The National Library of Scotland – On the Massacre of Glencoe

To mark the 300th anniversary of the 1715 Jacobite uprising and the events leading to it, Double Take Projections created an innovative projection video showcasing one of Sir Walter Scott’s lesser-known poems.


History of the Highlanders

Client – National Library of Scotland
Location – Glencoe Mountain Range, Scotland
Date – Winter 2015
Project Partners – National Library of Scotland, Big Partnership
Projector Spec – 4 x EX16K-E Panasonic 16,000 Lumen Projectors d
Time-lapse Photography – Adam Robertson Photography
Narration – Peter Gordon
Poem – On the Massacre of Glencoe, Sir Walter Scott

Beamed onto Glencoe Mountains

Double Take Projections created a video where the words of Sir Walter Scott’s poem, ‘On the Massacre of Glencoe” were beamed, onto the Glencoe mountains and scenery. The team were moved by the history of the highlanders and the haunting lyrics of the poem, bringing around the idea of a project lead by poetry projections.

On 13th February 1692, Government soldiers massacred 38 members of the MacDonald clan in their own homes – with 40 more women and children dying of exposure in the bitter Scottish winter after fleeing the violence. The attack came after the Highlanders were too slow to declare allegiance to the new Protestant monarchs, William and Mary, who had deposed the Catholic James VII (II of England).

Historians widely regard the atrocity as playing an essential role in mobilising popular support across the Highlands for the Jacobite cause – leading to the 1715 uprising which sought to put James Edward Stuart, son of James VII, on the throne. Now, more than 300 years later, Double Take Projections strived to raise awareness of the role which the events played in Scottish history.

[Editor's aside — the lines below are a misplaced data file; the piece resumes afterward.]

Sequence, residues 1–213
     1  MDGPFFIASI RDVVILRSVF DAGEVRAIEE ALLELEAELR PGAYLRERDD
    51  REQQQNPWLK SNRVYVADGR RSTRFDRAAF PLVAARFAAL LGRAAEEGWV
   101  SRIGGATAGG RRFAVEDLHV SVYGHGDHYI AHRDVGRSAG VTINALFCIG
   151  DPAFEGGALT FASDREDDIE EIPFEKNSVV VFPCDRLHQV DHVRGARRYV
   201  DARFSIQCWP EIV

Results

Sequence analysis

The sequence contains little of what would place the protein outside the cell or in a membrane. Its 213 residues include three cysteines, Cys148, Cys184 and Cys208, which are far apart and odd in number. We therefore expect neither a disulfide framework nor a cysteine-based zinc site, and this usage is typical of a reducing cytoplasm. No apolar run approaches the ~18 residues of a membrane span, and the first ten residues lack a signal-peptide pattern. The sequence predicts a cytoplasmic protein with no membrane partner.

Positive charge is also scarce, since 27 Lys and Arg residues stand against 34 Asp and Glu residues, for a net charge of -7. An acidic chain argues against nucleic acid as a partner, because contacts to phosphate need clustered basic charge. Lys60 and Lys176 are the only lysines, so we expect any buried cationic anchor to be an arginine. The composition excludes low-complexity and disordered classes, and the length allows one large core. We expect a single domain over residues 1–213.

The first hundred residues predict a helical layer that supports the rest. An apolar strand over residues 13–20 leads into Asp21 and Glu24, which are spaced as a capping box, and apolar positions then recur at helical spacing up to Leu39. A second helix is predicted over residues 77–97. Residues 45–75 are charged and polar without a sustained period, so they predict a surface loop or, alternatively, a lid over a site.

Sub-Zero Conditions

The crew spent over an hour in each location enduring sub-zero conditions. The project took place throughout three weekends between December and January. It took several weeks to create the finished video as there was over a terabyte of poetry projections footage to wade through. We felt it was important to mark the Massacre of Glencoe and the part it played in the 1715 Jacobite uprising, particularly in this 300th anniversary year.

The team is inspired by Scottish heritage and recognised the need to do something a bit different to get people’s attention and raise awareness of this chapter in Scotland’s history. The technology and expertise we have available at Double Take Projections allowed us to produce a video to capture the public’s imagination.

We used projectors of varying power to project onto a variety of terrains. To create interest, we blended smaller foreground shots with large distant compositions – recording each line of the poem over two hours using time-lapse photography. Each two-hour shot was reduced to seven seconds to show the movement of the clouds and stars theatrically. Peter Gordon, an accomplished voice-over artist, recited and recorded the poem in a Brixton based studio.

Raised Awareness

The project intended to create imagery that grabbed people’s attention and increase awareness of this chapter in Scotland’s history. This project was extremely well received from the local and national press. It was covered on the front page of BBC News Website, STV Online, ITN, AV Magazine, Vice and Creators Project. It received over 100,000 views on different video hosting sites. The video was featured in an exhibition at the National Library of Scotland.

“Double Take Projections Glencoe project was fantastically well-received on social media and in the press. We plan to use them again to help promote our upcoming exhibitions at George IV Bridge in Edinburgh.”

Jacqueline Miller, National Library of Scotland


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